The game theorists tell us that the two percent of cases that make it to trial are cases where at least one party is overestimating the strength of its hand. If you assume a rational defendant in a case, once the defendant is convinced of his legal liability and the dollar value of damages that a jury would force him to pay, the defendant will settle the case, simply to avoid the time and expense he would have to pay to defend the case through trial. The cases that don’t settle tend to be troubled cases where there is vast disagreement about either the defendant’s legal liability or the amount of damages. So the vast majority of personal injury plaintiffs in Massachusetts fare better than the trial data would suggest because the trial data represent the outlier cases that make it to trial.
Nevertheless, I don’t think Massachusetts personal injury lawyers should be happy with those numbers. I think they reflect a certain level of complacency by some Massachusetts personal injury lawyers about how cases should be investigated and tried to a jury. I’ve previously blogged about how Massachusetts’ largest medical malpractice verdict of 2009 – a $15 million case – was turned down by a number of Massachusetts medical malpractice law firms before being taken by a California attorney who was much more aggressive than most Massachusetts medical malpractice attorneys in terms of the number of depositions that he took and the theories that he pursued.
I sensed a lot of defeatism in the Massachusetts Lawyers Weekly article about trying cases in certain counties, especially Norfolk County. I’ve lived the better part of my life in Norfolk County and I have no compunction about trying a case to a Norfolk County jury. You simply need to know who your jurors are and frame the issue properly for them.
Last week, I blogged about how Pointoflaw, a tort reform website run by the Manhattan Institute think tank, misleadingly (to my mind) described a $28 million jury verdict against a nursing home. My post received the attention of Eric Turkewitz and his New York Personal Injury Law Blog, who included it in a link roundup. Eric’s post on his blog led to a response by Pointoflaw, defending the original post and further criticizing the verdict and nursing home litigation in general. Rather than engage in back-and-forth about whether Pointoflaw originally misstated the case, I thought I would take this opportunity to discuss the legal and public policy issues surround this $28 million verdict and nursing home litigation generally. I. The Law
Ted Frank criticizes me failing to recognize the “utter lawlessness of the verdict.” So was the verdict unlawful? That’s a question that needs to be unpacked a bit before it can be answered.
I agree with Frank that the verdict will almost certainly be “reined in by the trial or appellate courts.” The reason is that in State Farm Mutual Auto Ins. Co. v. Campbell, the Supreme Court announced that a “single-digit ratio between compensatory and punitive damages” is the ratio most likely to comport with the Due Process requirements of the Fourteenth Amendment. While the Court declined to announce a bright-line or per se rule that double-digit multipliers are unconstitutional, the Court essentially encouraged lower courts to review double-digit multipliers skeptically and lower courts have diligently followed these instructions. The 25.5:1 ratio of punitive to compensatory damages in the California nursing home case means that a Court is likely to conclude that the damages are excessive.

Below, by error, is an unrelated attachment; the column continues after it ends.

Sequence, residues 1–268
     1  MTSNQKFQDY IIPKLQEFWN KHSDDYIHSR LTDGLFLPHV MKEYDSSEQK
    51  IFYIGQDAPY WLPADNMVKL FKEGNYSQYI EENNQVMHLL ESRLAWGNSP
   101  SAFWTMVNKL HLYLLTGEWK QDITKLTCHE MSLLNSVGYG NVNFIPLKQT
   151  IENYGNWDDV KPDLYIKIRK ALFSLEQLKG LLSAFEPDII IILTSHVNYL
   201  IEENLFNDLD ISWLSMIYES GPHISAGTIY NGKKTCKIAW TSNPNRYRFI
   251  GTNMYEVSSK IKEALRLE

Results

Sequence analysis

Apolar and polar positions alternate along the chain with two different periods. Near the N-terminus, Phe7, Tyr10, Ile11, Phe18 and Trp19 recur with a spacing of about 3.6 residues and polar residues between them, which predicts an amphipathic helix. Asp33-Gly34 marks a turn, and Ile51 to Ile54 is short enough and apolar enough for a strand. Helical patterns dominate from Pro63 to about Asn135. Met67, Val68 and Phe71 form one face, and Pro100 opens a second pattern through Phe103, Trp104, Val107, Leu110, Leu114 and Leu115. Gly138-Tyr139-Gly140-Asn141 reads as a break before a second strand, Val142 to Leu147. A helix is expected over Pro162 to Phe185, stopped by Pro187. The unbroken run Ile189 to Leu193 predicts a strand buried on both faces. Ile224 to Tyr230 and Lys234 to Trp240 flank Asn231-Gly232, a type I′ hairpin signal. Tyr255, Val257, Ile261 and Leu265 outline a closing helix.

It’s worth noting however that the Court’s two stalwart conservatives, Justices Thomas and Scalia, do not believe that the Court’s curtailment of punitives represents good law. Justice Scalia and Thomas believe that, “the Constitution does not constrain the size of punitive damages awards,” and that the Court’s reversal, since 1996, of certain punitive awards, constitutes, “an unjustified incursion into the province of state government.” Scalia and Thomas believe that the Court’s punitive damages jurisprudence is so badly flawed that it is not entitled to stare decisis, i.e., being treated as binding precedent.
Lastly, to the extent that Frank suggests that it was legal error for the jury to hear evidence of the defendant’s balance sheets, he would find himself in a distinct minority camp. II. The Public Policy
Today, 1.5 million Americans live in nursing homes. As Baby Boomers age, this number will only increase. No one would dispute that some nursing home residents are abused and neglected by staff – the only questions are how pervasive the neglect is, what approaches we can take to reduce it, and the costs of those proposals to reduce abuse and neglect.
Obviously, one method of reducing nursing home abuse is to allow patients to sue their nursing homes for compensatory damages caused by the nursing home’s negligence. Ideally, such lawsuits force nursing homes to absorb the cost of the injuries they cause, insuring they will go bankrupt if, on balance, they are doing more harm than good.
Punitive damages also have an important place in such a framework. Ideally, the award of punitive damages in a nursing home neglect case serves to deter both the defendant nursing home and other nursing homes from engaging in such tortious conduct in the future. One economist, whose work is cited favorably in a recent Pointoflaw post, has proposed an efficient punitive damages regime wherein the amount of punitive damages would approximate the number of times the defendant “got away with it,” although the Supreme Court rejected such a framework in BMW v. Gore, where it noted that economic efficiency is not the criterion by which it decides its cases and that the Constitution, “does not incorporate the views of the Law and Economics School,” nor does it “require the States to subscribe to any particular economic theory.”